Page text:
Zelikow argued that US law on the issue applied the American constitution’s own standard regarding “cruel and unusual punishment” and that there is a long history of case law that prevents techniques used by the CIA from use in the US.
“The techniques least likely to be sustained are the techniques described as “coercive”, especially viewed cumulatively, such as the waterboard, walling, dousing, stress positions and cramped confinement,” Zelikow wrote in the memo. “We are unaware of any precedent in World War II, the Korean war, the Vietnam war or any subsequent conflict for authorized, systematic interrogation practices similar to those in question here, even where the prisoners were presumed to be unlawful combatants.”
Toward the end of the memo, part of a section has been blacked out by a censor. It refers to foreign governments abandoning several of the techniques Zelikow criticises. Asked if those governments include the UK, he said: “Yes.”
Zelikow said his position as counselor to Rice did not entitle him to offer a legal opinion, but he felt obliged to put an alternative view before his colleagues at other agencies to warn them that the courts may take a different view.
Asked if Rice knew of and approved his memo, Zelikow said: “I kept her fully informed on what I was doing. She supported my work.”
Zelikow said that after the office of legal counsel decided his memorandum “was not appropriate for further discussion”, the order came from the White House to destroy all copies. “I don’t know who suggested this or why. I ignored the suggestion since it seemed so obviously improper,” he said.
The existence of the memo came to light when Zelikow gave testimony to the Senate judiciary committee two years ago in which he described the systematic physical abuses by the CIA as “unprecedented” and said that at least some of the legal opinions of justice department lawyers on the maltreatment of prisoners were “unsound, even unreasonable”.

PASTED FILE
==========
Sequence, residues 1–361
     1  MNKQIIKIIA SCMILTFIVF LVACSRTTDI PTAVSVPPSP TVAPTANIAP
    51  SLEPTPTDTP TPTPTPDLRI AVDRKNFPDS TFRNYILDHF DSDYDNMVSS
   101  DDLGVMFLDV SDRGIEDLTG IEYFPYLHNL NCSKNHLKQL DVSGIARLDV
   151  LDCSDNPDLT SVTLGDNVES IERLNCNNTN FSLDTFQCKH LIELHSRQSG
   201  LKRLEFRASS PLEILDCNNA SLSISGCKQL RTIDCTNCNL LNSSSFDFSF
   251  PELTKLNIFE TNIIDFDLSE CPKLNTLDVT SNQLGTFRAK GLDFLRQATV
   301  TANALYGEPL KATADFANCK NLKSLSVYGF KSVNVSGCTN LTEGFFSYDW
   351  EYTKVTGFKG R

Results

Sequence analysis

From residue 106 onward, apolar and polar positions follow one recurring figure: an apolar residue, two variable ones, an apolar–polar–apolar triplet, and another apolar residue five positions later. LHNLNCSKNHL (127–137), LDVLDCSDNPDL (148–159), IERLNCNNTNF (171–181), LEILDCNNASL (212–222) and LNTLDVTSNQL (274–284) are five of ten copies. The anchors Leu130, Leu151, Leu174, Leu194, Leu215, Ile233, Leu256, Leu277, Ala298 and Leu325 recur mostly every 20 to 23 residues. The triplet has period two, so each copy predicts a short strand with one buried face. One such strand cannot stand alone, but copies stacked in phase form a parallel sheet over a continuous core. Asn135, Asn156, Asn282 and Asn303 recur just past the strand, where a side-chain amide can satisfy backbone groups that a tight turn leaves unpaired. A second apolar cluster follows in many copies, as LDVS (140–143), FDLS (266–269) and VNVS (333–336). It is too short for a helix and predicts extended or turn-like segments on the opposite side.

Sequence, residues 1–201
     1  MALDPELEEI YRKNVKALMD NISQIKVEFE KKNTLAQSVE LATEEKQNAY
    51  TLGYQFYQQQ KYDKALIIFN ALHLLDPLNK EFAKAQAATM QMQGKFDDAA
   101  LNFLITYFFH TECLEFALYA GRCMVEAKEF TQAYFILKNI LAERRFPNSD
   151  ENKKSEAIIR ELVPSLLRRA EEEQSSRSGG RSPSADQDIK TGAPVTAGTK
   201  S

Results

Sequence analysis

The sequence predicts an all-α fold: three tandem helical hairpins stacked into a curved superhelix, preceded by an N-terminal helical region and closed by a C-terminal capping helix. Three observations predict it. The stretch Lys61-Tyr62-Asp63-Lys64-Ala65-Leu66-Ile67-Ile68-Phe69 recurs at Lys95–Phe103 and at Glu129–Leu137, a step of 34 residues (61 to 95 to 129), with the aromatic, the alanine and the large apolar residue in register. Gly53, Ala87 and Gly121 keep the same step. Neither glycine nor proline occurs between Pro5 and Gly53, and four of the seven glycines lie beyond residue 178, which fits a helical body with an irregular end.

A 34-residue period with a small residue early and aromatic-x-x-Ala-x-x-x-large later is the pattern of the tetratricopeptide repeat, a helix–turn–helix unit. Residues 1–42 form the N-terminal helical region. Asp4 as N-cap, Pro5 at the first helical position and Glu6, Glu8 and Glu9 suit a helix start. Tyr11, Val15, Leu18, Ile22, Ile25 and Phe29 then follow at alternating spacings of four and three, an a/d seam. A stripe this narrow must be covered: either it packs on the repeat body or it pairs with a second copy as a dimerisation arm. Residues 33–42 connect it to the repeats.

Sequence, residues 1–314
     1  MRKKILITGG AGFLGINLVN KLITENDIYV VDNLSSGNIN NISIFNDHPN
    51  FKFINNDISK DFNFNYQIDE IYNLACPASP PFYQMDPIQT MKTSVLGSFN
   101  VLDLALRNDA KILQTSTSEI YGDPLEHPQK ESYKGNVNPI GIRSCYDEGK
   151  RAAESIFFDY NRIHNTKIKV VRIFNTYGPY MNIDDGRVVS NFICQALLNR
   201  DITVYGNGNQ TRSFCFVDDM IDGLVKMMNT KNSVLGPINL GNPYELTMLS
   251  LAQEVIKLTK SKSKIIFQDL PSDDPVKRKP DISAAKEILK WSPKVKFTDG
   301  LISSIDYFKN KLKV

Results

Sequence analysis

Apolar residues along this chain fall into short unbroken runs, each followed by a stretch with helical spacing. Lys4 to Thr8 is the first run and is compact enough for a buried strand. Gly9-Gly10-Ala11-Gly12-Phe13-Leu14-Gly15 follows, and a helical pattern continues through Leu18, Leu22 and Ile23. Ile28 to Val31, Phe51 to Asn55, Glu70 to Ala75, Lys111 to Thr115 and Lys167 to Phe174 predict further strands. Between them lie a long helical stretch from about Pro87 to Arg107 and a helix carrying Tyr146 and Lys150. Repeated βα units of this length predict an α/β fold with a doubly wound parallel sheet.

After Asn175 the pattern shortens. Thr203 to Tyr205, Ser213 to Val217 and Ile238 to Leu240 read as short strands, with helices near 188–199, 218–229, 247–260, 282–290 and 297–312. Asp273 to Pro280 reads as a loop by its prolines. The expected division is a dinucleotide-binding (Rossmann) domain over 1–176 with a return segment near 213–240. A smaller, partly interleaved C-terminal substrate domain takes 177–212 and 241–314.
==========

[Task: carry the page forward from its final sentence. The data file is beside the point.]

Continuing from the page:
“The US government adopted an unprecedented programme of coolly calculated dehumanising abuse and physical torment to extract information. This was a mistake, perhaps a disastrous one,” he said.
Zelikow said he became concerned while serving as executive director of the 9/11 Commission, which investigated the circumstances of the terrorist attacks, because of the CIA’s unwillingness to disclose information about the interrogation of detainees and its refusal to permit access to them.
The commission made a recommendation that captured prisoners, even if defined as illegal combatants, should be treated to a standard that fits with the Geneva Conventions. The Bush administration rejected it. He finally discovered the details of the CIA programme when he was appointed to the NSC committee.
Zelikow said the policy was shaped in an “understandably merciless” atmosphere after the 9/11 attacks. “The feeling of being at war was real, at least in the White House. Almost every morning, President Bush himself received nerve-jangling briefings just on the latest threats,” he told the Senate.
Zelikow described an atmosphere in which policymakers fell under the spell of the intelligence community and became deferential “in a time of seemingly endless alarms”. But, he added, the CIA had no real experience of interrogating enemy captives and so “improvised an unprecedented elaborate, systematic programme of medically monitored physical torment to break prisoners and make them talk”.
“The intelligence community’s position in 2005, and later, was that a substantial programme of intense physical coercion was uniquely necessary to protect the nation,” he said.
But Zelkow said there were other, more established means of interrogation well known to law enforcement and the military.
“The point is not whether the CIA programme produced useful intelligence. Of course it did. Quite a lot. The CIA had exclusive custody of a number of the most important al-Qaeda captives in the world, for years. Any good interrogation effort would produce an important flow of information from these captives,” he said.